April is archaeology month in Alaska. Learn more about Alaska's ancient history and rich cultural traditions at a series of public events, and watch for the annual archaeology month poster in a thousand schools, libraries, and museums across Alaska and beyond. Since 2014 the poster has focused on a different region and period of prehistory of Alaska, ranging from the arctic coast to the interior mountains and reaching back 6,000 years.
Stay tuned for the next installment.
2017: PaleoarcticIn 2017, the theme is the 12,000 year old Paleoarctic Tradition, the first people to settle North America. Important sites are found in several Alaska parks, including Gates of the Arctic, Bering Land Bridge, Katmai, Lake Clark, and Denali.
Download the 2017 Alaska Archaeology Month Paleoarctic Poster
Learn about the Paleoarctic people in Gates of the Arctic
Nine hundred years ago people living in northern and western Alaska were successful whalers, artists, and traders and went on to settle the entire span of the North American arctic all the way to Greenland in one of the longest and most rapid human migrations known.
2015's theme for Alaska Archaeology Month was the Northern Archaic Tradition, which dates to roughly 3000 to 6000 years ago. Some of the most important Northern Archaic Tradition sites known from Alaska are located on National Park Service lands including Gates of the Arctic, Kobuk Valley, Cape Krusenstern, Noatak, Wrangell-St. Elias, Denali, and Katmai.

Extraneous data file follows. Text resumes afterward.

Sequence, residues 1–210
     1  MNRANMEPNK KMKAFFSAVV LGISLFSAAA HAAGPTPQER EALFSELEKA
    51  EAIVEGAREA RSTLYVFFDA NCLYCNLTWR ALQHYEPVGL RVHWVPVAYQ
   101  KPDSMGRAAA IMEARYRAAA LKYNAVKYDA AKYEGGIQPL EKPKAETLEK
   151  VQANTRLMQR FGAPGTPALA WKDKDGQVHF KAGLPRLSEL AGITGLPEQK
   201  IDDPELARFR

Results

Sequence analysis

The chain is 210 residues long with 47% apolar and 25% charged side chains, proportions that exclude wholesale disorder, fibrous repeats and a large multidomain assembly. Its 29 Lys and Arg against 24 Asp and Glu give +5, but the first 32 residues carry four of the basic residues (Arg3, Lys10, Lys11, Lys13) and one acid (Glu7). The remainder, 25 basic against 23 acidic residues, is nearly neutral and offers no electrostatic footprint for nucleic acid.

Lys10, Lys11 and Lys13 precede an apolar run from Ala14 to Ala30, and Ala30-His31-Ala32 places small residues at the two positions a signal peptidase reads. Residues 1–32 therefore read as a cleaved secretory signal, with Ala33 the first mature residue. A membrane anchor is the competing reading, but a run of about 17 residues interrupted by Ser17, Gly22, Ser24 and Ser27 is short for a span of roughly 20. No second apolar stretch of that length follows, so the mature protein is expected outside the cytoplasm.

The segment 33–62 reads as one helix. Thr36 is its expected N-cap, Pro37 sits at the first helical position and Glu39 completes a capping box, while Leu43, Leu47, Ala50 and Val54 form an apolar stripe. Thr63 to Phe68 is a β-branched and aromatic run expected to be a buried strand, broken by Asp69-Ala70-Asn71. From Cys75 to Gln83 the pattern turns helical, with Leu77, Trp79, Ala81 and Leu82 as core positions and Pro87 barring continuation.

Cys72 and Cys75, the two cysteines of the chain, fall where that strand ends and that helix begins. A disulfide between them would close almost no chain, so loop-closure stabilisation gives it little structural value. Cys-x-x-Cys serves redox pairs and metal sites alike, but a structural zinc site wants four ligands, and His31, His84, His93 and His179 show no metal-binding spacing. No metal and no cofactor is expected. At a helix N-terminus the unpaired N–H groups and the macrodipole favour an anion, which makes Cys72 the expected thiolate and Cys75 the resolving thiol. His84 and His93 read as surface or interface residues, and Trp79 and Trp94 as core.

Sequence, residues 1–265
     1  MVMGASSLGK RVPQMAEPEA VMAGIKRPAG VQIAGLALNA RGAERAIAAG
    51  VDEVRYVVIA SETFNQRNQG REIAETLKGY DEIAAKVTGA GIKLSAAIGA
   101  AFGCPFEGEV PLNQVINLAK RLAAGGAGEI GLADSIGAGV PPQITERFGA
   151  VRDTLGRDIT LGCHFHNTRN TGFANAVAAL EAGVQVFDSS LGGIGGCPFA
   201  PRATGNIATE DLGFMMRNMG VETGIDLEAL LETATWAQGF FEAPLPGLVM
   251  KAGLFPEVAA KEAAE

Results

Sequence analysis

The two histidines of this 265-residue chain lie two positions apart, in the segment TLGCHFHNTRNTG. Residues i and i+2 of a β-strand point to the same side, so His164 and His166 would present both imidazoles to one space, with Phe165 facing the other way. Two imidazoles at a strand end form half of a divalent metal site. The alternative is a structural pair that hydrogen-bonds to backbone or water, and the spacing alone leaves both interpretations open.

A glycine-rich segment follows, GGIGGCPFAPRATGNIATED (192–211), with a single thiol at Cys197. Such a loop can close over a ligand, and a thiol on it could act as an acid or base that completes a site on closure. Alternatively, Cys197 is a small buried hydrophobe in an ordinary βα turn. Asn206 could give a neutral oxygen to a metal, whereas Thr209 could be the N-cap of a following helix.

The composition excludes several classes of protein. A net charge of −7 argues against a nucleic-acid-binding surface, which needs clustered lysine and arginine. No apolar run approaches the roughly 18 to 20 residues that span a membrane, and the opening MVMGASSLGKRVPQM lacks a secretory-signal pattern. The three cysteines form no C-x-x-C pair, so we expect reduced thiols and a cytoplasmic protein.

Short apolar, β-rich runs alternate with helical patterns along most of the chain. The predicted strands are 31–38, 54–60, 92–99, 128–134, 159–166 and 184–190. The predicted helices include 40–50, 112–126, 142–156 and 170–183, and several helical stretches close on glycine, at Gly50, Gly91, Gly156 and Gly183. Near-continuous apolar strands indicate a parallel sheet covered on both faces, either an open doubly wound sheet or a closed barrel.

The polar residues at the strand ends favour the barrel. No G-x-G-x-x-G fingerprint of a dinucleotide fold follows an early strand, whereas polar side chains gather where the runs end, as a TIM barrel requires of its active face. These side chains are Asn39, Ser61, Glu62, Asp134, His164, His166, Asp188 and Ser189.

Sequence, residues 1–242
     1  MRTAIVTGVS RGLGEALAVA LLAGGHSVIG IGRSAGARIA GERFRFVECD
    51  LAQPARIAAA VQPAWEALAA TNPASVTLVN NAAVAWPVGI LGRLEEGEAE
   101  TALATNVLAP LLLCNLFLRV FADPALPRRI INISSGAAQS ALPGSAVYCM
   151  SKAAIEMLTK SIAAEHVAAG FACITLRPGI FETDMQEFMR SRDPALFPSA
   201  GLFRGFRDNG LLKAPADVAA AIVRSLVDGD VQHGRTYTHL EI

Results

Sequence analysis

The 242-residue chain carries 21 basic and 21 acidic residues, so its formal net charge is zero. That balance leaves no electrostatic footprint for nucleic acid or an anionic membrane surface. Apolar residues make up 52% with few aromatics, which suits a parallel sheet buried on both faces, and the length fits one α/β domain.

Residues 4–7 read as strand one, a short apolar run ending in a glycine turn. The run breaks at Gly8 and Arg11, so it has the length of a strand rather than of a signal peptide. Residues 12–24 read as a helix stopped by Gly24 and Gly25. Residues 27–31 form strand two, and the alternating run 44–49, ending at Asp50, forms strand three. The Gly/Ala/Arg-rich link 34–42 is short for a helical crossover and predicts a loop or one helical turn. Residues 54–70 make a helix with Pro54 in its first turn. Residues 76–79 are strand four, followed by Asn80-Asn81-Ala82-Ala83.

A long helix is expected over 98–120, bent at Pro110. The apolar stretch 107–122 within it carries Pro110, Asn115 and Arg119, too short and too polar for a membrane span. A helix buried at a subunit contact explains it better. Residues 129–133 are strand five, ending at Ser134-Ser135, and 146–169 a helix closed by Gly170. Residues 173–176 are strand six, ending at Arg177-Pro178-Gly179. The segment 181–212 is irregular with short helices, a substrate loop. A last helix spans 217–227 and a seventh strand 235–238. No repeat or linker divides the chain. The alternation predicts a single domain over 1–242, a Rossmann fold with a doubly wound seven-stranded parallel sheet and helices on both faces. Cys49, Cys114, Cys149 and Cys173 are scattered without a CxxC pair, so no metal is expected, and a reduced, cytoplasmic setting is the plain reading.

Learn more about Northern Archaic caribou hunters in Gates of the Arctic.
Download the 2015 Alaska Archaeology Month Northern Archaic poster (2.24MB JPEG)
2014's theme for Alaska Archaeology Month was the Denbigh Flint Complex, known from sites in western and northern Alaska that date to about 3300-4000 years ago. Distant ancestors of modern Inupiat and Inuit, Denbigh people pioneered new lands and innovated new technologies that set the stage for the next four millennia of high latitude living across the American Arctic. Some of the most important Denbigh archaeological sites are located on National Park Service lands including Gates of the Arctic, Kobuk Valley, and Cape Krusenstern. The NPS also administers, as a National Historic Landmark, the Iyatayet site at Cape Denbigh where this archaeological phase was first recognized in 1948.
Learn more about the Denbigh people in Gates of the Arctic.
Download the 2014 Alaska Archaeology Month Denbigh poster (1.66MB JPEG)
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Last updated: September 25, 2020